Talking about trainings specifically in the healthcare sector, I would like to highlight that employee capability enhancement sessions help in sharpening the employee skills leading to improved patient experience and customer satisfaction scores of the hospitals.
Usually, the functional trainings take place during the employee induction and onboarding. Regular training interventions provide opportunities for all the employees to upskill, stay motivated and become agile while handling patient queries and pedal through the ruffling changes during catastrophe.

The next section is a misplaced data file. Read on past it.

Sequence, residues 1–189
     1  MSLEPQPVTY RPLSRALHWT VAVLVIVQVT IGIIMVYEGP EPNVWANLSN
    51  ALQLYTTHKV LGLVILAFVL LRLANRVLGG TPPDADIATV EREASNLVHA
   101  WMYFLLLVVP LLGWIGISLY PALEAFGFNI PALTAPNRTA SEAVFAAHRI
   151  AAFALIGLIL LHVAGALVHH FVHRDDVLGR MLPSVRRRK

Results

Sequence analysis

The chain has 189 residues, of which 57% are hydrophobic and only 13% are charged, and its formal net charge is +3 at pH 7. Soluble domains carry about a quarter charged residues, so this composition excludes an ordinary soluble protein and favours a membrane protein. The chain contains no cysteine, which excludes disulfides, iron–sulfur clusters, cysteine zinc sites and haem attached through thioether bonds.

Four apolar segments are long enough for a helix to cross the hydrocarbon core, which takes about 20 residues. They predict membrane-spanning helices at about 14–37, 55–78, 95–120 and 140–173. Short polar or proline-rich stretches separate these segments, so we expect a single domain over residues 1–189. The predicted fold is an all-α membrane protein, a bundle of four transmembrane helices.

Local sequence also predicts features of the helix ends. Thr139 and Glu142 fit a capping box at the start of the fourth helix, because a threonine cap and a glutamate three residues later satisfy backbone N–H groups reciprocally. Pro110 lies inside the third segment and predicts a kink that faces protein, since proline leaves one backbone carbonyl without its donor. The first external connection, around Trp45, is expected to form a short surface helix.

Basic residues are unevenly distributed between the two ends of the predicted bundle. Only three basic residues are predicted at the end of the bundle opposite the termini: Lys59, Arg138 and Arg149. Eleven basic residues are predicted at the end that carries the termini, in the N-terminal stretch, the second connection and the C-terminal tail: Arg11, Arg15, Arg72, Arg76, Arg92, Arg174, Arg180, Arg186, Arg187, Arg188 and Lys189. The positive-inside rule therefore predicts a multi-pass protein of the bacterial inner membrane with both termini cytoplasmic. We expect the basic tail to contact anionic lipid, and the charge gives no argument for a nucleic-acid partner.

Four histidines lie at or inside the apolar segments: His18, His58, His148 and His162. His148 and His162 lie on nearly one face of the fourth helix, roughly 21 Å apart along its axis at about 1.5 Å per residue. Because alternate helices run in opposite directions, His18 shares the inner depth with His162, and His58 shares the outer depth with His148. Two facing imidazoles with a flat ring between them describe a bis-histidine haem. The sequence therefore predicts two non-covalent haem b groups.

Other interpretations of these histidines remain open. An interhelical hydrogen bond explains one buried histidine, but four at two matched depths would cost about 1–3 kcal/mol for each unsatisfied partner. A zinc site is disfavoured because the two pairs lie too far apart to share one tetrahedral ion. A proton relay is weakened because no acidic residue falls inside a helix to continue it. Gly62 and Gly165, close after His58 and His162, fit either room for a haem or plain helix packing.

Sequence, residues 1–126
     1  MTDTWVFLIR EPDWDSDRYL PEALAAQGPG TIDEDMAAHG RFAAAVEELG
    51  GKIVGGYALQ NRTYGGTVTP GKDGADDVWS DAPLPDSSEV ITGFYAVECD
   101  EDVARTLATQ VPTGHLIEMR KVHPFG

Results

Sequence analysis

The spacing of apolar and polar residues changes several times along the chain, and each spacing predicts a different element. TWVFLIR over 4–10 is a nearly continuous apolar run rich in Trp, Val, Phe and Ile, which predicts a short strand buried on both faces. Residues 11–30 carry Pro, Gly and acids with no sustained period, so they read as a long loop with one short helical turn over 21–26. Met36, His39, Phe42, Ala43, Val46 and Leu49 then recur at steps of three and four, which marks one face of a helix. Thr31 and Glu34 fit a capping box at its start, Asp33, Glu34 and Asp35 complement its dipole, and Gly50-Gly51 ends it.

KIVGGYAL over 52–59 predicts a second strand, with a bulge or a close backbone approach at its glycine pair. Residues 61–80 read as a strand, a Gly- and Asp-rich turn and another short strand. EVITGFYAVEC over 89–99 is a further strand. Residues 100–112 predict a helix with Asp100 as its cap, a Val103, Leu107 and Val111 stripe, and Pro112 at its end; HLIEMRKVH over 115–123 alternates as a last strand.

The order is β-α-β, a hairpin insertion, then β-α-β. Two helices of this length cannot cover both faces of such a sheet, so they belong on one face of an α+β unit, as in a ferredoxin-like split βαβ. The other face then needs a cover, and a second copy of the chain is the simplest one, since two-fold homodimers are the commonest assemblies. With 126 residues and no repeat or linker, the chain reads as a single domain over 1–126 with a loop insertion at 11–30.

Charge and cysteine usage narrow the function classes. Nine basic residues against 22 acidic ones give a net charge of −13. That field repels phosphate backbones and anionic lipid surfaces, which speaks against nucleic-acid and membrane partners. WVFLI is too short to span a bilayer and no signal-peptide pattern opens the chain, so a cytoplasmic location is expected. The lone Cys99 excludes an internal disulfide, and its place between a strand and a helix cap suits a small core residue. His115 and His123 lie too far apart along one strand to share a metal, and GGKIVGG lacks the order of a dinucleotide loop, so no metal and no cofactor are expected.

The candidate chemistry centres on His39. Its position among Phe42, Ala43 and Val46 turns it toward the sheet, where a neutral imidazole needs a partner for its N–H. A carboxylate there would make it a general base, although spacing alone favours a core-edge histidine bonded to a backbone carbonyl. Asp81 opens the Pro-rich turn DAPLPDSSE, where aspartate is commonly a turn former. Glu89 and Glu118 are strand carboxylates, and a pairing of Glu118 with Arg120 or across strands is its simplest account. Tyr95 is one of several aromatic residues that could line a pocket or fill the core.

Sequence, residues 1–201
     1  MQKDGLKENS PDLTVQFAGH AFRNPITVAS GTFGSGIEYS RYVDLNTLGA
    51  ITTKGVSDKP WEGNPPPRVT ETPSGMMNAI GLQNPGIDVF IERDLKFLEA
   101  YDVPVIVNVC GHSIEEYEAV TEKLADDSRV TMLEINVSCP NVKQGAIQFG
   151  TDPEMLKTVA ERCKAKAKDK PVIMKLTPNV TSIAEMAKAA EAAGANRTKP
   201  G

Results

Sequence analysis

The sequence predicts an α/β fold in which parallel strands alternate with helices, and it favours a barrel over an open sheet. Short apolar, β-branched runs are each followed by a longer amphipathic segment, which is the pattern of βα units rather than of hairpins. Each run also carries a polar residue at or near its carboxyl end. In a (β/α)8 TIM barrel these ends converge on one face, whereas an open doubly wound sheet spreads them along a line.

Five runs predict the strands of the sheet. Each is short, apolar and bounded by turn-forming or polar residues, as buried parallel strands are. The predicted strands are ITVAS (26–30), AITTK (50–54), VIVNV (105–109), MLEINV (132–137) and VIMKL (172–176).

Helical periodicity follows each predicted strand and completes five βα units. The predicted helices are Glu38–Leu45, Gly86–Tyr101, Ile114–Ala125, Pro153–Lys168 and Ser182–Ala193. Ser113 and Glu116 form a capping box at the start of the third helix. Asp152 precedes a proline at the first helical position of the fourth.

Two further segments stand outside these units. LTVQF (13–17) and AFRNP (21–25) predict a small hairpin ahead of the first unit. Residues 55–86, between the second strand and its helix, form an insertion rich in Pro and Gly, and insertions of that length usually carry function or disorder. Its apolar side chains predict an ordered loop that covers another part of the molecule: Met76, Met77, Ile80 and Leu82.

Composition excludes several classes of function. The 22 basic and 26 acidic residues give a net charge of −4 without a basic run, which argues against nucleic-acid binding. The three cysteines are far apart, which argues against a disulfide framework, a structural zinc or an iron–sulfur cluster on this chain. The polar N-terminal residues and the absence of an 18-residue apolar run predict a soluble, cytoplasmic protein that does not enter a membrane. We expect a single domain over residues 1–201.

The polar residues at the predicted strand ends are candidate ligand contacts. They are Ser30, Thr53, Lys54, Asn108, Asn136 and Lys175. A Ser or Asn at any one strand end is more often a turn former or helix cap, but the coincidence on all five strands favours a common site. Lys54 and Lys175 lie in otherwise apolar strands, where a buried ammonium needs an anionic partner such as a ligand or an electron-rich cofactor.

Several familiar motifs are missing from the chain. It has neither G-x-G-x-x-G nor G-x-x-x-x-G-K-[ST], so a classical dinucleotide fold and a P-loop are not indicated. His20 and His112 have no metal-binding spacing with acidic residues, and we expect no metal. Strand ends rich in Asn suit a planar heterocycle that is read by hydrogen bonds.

Besides these merits, challenges are also a part of this journey. A lot of challenges are faced- pre, during and post any training intervention.
Though the challenges may differ from hospital to hospital for different locations and countries. In general as per my view and my experience, the following are common:
Trainers’ Challenges: Large numbers of employees need to be trained during a specific period which may not be always possible (due to seasonal diseases or other emergencies).
The biggest challenge is to train the nursing department. Since nursing is the biggest team in any hospital, participation in the training programs as per their shift schedule may hamper the training activities; furthermore several batches need to be conducted as per their availability only. This might result in- a few participants not able to attend any session while some attending the same sessions multiple times.